Day 29: 30Poems 30Days

(Poet’s note: I am almost at the end of this adventure. Today’s poem comes from a workshop that I was in last week around vocabulary instruction. One of  the things we talked about was Semantic Feature Analysis. I was fascinated by the words on this handout that we were given, and created a found poem.)

Semantic Feature Analysis: a found poem

preview

the axis

where words present students

with opportunities –

relate variations plus connections to make

the grid of similarities known

and recognized within this box

of knowledge.

Peace (in the word),
Kevin

Day 28: 30poems 30days

(Poet’s note: I wanted to use Wordle this month for one of my poems but I could not figure out how best to accomplish that. Single words do not always a poem make, if you know what I mean. Then, by chance (?), I stumbled upon someone’s blog post that showed how to string words together (you use the tilde sign ~ between words). Now I could do it, with a love poem about books. I used the advanced setting of Wordle so that I could weight phrases, allowing some to be larger than others)

Peace (on the page),
Kevin

Day 27: 30Poems 30Days

(Poet’s note: This one is for Duke, our dog, a black lab. Sometimes, he sits there so silent, it’s like he is in meditative thought. Other times, not so much.)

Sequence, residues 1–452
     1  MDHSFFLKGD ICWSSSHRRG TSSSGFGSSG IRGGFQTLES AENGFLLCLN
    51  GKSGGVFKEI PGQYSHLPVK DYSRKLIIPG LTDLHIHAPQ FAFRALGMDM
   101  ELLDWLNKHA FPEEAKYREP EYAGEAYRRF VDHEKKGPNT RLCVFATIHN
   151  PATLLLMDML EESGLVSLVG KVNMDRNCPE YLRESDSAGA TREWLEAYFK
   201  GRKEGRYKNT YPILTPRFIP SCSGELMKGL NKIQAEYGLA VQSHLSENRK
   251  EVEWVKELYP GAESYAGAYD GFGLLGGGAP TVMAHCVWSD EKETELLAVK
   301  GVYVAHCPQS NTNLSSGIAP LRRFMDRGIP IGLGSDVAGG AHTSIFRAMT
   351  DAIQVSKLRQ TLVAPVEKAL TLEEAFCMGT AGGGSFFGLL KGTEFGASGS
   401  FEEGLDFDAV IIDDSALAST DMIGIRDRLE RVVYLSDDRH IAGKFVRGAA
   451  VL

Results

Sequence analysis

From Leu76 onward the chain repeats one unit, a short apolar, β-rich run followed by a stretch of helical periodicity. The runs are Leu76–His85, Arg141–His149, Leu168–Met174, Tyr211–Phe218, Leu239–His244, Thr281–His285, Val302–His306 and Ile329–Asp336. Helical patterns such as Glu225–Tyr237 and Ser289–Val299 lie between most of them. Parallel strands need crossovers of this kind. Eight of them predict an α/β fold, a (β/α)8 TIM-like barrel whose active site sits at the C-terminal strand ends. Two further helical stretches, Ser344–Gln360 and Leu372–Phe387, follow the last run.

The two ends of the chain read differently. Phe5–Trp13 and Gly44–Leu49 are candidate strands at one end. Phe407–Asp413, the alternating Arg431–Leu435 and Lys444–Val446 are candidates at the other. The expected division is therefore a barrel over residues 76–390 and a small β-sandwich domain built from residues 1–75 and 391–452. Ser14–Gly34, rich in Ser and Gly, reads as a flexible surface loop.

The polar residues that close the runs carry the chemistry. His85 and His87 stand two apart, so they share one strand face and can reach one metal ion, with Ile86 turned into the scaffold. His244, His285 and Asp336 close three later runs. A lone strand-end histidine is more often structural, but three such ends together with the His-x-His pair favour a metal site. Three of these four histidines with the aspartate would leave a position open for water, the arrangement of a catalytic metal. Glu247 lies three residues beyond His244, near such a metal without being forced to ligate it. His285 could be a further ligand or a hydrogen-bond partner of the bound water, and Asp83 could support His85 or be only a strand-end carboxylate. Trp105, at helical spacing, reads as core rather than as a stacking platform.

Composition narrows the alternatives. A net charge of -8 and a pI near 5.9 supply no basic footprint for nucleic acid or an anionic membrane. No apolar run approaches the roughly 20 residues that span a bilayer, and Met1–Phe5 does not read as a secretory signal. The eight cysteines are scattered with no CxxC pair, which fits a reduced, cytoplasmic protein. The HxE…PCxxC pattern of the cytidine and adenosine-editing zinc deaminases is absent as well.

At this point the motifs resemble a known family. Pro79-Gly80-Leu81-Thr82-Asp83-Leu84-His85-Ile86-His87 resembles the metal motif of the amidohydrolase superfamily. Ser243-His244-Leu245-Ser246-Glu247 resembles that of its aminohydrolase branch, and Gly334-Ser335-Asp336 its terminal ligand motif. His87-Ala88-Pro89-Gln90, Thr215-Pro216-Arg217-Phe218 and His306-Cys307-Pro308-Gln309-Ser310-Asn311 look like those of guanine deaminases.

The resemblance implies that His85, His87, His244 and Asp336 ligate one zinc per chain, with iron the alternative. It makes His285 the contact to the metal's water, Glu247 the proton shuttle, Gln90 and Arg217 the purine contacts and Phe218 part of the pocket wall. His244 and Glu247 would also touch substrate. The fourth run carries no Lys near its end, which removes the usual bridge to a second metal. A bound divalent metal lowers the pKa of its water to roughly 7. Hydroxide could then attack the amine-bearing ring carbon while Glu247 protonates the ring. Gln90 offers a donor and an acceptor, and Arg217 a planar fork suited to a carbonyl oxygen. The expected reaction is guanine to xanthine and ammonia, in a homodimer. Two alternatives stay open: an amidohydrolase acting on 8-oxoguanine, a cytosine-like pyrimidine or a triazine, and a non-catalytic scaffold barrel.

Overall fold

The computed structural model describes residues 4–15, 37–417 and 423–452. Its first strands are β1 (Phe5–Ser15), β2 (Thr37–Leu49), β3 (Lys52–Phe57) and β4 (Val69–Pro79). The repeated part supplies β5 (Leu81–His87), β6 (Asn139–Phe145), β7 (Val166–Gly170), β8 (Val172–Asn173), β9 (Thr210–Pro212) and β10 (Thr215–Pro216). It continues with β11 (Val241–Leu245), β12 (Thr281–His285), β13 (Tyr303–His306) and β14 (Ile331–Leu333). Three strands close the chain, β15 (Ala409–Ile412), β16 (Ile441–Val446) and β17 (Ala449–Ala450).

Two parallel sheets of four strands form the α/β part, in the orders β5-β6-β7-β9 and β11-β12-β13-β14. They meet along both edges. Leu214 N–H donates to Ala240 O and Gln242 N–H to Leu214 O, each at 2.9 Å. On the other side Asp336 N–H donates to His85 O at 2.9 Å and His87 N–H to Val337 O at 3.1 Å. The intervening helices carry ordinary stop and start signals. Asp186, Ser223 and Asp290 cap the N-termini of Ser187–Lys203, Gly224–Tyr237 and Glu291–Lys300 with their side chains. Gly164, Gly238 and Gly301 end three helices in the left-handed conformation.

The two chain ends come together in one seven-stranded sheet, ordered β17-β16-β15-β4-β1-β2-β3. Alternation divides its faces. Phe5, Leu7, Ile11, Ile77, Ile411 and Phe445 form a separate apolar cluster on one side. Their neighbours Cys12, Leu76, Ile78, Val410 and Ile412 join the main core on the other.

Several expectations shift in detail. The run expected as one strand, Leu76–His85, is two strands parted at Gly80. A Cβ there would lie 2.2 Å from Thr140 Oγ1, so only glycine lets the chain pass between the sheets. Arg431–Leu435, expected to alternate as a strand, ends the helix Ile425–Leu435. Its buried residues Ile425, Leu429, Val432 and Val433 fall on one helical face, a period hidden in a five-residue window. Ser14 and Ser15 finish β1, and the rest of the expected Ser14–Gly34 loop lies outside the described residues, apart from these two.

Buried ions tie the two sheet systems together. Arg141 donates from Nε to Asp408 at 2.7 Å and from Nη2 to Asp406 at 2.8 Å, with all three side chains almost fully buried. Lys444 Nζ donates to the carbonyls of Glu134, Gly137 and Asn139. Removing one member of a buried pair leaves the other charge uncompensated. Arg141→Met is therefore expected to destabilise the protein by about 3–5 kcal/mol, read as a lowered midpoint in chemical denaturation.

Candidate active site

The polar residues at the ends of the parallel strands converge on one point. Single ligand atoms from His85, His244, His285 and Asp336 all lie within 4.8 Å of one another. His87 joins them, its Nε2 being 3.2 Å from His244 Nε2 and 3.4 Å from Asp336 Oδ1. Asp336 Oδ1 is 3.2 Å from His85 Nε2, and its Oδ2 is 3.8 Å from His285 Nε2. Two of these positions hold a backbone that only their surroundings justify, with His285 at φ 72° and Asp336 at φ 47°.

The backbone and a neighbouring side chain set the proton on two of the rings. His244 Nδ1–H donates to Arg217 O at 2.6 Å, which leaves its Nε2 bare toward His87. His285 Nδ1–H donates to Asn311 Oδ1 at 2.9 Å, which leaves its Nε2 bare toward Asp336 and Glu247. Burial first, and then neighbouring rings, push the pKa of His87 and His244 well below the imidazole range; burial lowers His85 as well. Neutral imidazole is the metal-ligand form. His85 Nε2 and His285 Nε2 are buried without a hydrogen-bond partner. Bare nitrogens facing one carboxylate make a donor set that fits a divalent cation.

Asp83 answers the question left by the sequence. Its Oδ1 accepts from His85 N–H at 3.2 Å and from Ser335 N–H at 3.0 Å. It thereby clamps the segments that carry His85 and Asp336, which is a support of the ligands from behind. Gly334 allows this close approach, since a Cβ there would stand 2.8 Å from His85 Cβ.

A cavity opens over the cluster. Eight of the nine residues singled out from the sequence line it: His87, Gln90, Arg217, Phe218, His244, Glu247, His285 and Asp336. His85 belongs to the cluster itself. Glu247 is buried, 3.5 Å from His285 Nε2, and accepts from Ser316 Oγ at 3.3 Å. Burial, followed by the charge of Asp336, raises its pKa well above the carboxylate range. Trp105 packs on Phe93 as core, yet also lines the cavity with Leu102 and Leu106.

Warm eyes, deep pockets
set in a canvas of black
fur, silently still.

Peace (in the dog),
Kevin

Day 26: 30Poems 30Days

(Poet’s note: I was in a conference last week when the keynote speaker held up a couple of props: colored bendy straws. I forget now what she was saying — sorry — but I started to write a poem, inspired by the bends in the design. I was trying to pay attention … really.)

Peace (in the twist),
Kevin


Day 25: 30Poems 30Days (The Digital Path)

(Poet’s note: It’s hard not to come away from an exciting conference around technology and writing and not be influenced by the work and talk around you, and so I was after our recent National Writing Project meeting. But I still have questions as we think about young people in this age of digital tools. I don’t think the world has sorted itself out yet. That makes things both exciting and confusing, don’t you think? So, this poem tries to capture that, and what better way than via a digital tool.)

First, the poem:

Where
will all this lead?
All these digital paths
pushing us in different directions
so that we can’t see the forest
for the trees
and therefore, we have no idea
what we have gotten ourselves into –
never mind getting ourselves out.

Then, the Prezi:

Peace (on the path),
Kevin

Day 24: 30poems 30days

(Poet’s note: This is a longer poem than usual and one that I am not quite sure it works. It is inspired by a reading of the book The Numerati, which looks at how math and data is becoming more and more important as we move more of our world online. The phrases of Buckets, and Barnicles, and Butterflies stayed with me.)

In a book about data and how numbers are becoming us
as we become the math, if you can imagine such a thing,
the concept of “barnacles” and “butterflies” and “buckets” filled my head:

Buckets are us —
all of us put into digital piles by the Numerati
based on interest, habits and exploration —
I’m happy to make room in my bucket for you